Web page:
These organizations exhibited unprecedented organization and tactical savvy. Hundreds of racist activists converged on a park on Friday night, striding through the darkness in groups of five to 20 people. A handful of leaders with headsets and handheld radios gave orders as a pickup truck full of torches pulled up nearby. Within minutes, their numbers had swelled well into the hundreds. They quickly and efficiently formed a lengthy procession and begun marching, torches alight, through the campus of the University of Virginia.
[…] Yes, the U.S. has had plenty of presidents in recent decades who have dog-whistled to racists and bigots, and even incited hate against minorities — think Nixon’s Southern Strategy, Reagan and his “welfare queens,” George H.W. Bush and the Willie Horton ad, and the Clintons and their “super-predators” — but there has never been a modern president so personally steeped in racist prejudices, so unashamed to make bigoted remarks in public and with such a long and well-documented record of racial discrimination.
So can we stop playing this game where journalists demand Trump condemns people he agrees with and Trump then pretends to condemn them in the mildest of terms? I hate to say this, but it is worth paying attention to the leader of the Virginia KKK, who told a reporter in August 2016: “The reason a lot of Klan members like Donald Trump is because a lot of what he believes, we believe in.”
So can we stop pretending that Trump isn’t Trump? That the presidency has changed him, or will change him? It hasn’t and it won’t. There will be no reset; no reboot; no pivot. This president may now be going through the motions of (belatedly) denouncing racism, with his scripted statements and vacuous tweets. But here’s the thing: why would you expect a lifelong racistto want to condemn or crack down on other racists? Why assume a person whose entire life and career has been defined by racially motivated prejudiceand racial discrimination, by hostility toward immigrants, foreigners, and minorities, would suddenly be concerned by the rise of prejudice and discrimination on his watch? It is pure fantasy for politicians and pundits to suppose that Trump will ever think or behave as anything other than the bigot he has always been — and, in more recent years, as an apologist for other bigots, too.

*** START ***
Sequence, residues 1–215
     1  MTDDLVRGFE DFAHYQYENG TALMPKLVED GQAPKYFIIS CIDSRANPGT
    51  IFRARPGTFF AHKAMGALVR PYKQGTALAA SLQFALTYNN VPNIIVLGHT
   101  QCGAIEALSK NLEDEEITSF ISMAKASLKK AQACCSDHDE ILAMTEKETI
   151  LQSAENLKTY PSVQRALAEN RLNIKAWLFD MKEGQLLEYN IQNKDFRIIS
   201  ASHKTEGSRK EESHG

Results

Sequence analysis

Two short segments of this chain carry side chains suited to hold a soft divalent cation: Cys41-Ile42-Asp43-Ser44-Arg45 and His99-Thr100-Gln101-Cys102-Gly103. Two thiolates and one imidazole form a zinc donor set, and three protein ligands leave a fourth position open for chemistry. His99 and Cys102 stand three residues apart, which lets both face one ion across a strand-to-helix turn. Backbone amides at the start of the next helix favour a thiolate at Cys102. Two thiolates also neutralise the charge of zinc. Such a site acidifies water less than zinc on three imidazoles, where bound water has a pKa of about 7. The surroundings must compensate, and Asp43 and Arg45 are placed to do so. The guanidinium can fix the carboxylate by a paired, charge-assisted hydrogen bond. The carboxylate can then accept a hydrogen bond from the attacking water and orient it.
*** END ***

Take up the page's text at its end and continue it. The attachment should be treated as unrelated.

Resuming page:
We would do well to heed the words of those who have spent decades studying this bizarre president. “Donald is a 70-year-old man,” Trump biographer David Cay Johnston reminded me in the run-up to his inauguration in January. “I’m 67. I’m not going to change and neither is Donald.”
Andrew Bacevich: Trump’s Handling of North Korea, His First National Security Crisis, is Very Troubling
Amy Goodman speaks with Andrew Bacevich, retired colonel and professor emeritus of international relations and history at Boston University. (Democracy Now!)
Blackwater Founder Erik Prince Urges Trump to Privatize Afghan War and Install Viceroy to Run Nation
Amy Goodman speaks with longtime investigative journalist and activist Allan Nairn about the White House considering an unprecedented plan to privatize the war in Afghanistan at the urging of Erik Prince, founder of the now-defunct private mercenary firm Blackwater. Prince told USA Today the plan would include sending 5,500 private mercenaries to Afghanistan to advise the Afghan army. It would also include deploying a private air force—with at least 90 aircraft—to carry out the bombing campaign against Taliban insurgents. The plan’s consideration comes as a federal appeals court has overturned the prison sentences of former Blackwater contractors who were involved in a 2007 massacre in Nisoor Square in central Baghdad, killing 17 civilians when they opened fire with machine guns and threw grenades into the crowded public space. (Democracy Now!)
The U.S. is deporting people more slowly than during the Obama administration despite President Donald Trump’s vast immigration crackdown, according to new data from U.S. Immigration and Customs Enforcement.
From Feb. 1 to June 30, ICE officials removed 84,473 people — a rate of roughly 16,900 people per month. If deportations continue at the same clip until the fiscal year ends Sept. 30, federal immigration officials will have removed fewer people than they did during even the slowest years of Barack Obama’s presidency.
In fiscal year 2016, ICE removed 240,255 people from the country, a rate of more than 20,000 people per month.
In fiscal year 2012 — the peak year for deportations under Obama — the agency removed an average of roughly 34,000 people per month.
The lower rate of deportations doesn’t mean Trump has embraced a hands-off approach to immigration enforcement. But it may mean that deportations are lagging behind arrest rates or removal orders, which by all accounts have soared since Trump took office.